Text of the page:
Slightly Lovely Stuff

As Reviewed By: William Gibson

Last Poems by James Schuyler. Slow Dancer Poetry, 1999. £7.99

James Schuyler, the Chicago born winner of the 1981 Pulitzer prize, is dead–and has been since 1991. Nonetheless, Slow Dancer Poetry has finally brought out his aptly named Last Poemsfor the first time in the UK. Schuyler, friend of Ashbery and O’Hara, is an astute observer and his poems are laced with a casual romanticism that relies heavily on metaphors between nature and suburbia. “Rain”:

A girl
an ironweed tree
stands there
so young, so sinewy and slim
as though soft-water rinses were
all it ever wanted.

[/private]Lovely stuff, especially if one has a penchant for slender young girls, like the kind-next-door variety. The image is arresting, the metaphor fresh, and the location–a rain soaked pond–an appropriate setting for the sort of pastels Schuyler likes to paint with. Lovely, until the closing lines bring to mind the mundane world of television commercials:

The rough-cut grass
stuck randomly
with flowers,
accepts the world’s shampoo.

So where’s the dandruff and what snappy shower-fresh gel cleanses it? Despite such limitations, Schuyler does offer what can best be described as suburban medallions–again, lovely stuff, if one has a penchant for such things. Made to order: “Three Gardens”, a triptych of meditations on three gardens, one located at “4404 Stanford”, another in Florence, and the last in “Chelsea”–New York, not England.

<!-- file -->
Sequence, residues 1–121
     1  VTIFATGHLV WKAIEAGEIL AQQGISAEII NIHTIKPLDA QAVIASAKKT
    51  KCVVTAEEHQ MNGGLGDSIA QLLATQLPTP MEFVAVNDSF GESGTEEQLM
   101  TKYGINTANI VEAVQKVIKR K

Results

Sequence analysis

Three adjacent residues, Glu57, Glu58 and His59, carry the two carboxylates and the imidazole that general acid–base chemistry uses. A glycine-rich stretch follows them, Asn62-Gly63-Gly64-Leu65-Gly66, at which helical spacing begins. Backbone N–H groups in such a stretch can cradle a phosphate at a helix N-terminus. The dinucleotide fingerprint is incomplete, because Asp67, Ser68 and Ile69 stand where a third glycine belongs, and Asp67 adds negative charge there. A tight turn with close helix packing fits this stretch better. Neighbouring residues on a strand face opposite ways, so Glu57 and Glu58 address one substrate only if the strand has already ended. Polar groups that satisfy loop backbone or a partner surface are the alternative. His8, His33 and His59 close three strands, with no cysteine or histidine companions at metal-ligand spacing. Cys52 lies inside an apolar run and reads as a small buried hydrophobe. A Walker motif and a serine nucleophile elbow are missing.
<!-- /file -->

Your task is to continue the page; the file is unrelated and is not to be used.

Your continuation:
The first describes a “rock garden” and Schuyler, with his hobby-horse of amateur nature studies, injects the poem with recognizable types of rock:

different, from schist
to granite to
you name it, a sort of giant hunk
of conglomerate

(Reminds me of a joke from my geology days in Death Valley, circa 1993: “Don’t take it for granite, it might be gneiss, but it’s only a piece of schist.) These grumblings of subduction are fine but form no mountains in the end: “it was a rock garden, / a garden of rocks, but not / Kyoto style.” And? AND? Anyway, the poem is only a meditation on a patch of Americana along the lines of red wheelbarrows, rain water, and Kentucky Fried Chicken.

The last garden poem in the triptych, “Chelsea”, brings the Williamsesque quality of Schuyler’s work to the fore, with its petunias, window boxes, and “1880’s iron balustrade” all ending with an overgrowth of morning glories. Perhaps we should stop to notice the flowers, perhaps these do remind us of the beauty in the penumbra of the domestic landscape; don’t take it for granite…

To be fair, Schuyler lacks Ashbery’s polish and O’Hara’s bluster but stands head’n’shoulders over both in simplicity. He’s a sort of bastard child of the nature yearning of Wordsworth and the morose suburbia of Dickinson– the appeal of this kind of thing is large, and far be it for me to correct the marketplace. Why Slow Dancer wanted to bring out a UK edition of Schuyler’s last poems eight years after his death might best be explained by the closing lines of “Advent”: “The day / looks warmer than it is.” More fun to think of morning glories in NYC than “goe’in ‘rond tuh shops fur fegs” in mid-winter Manchester.[/private]

About WGibson

William Gibson was an editor of the Pacific Review for several years, and is currently on scholarship at Leeds University where he is doing research on Tobias Smollett.
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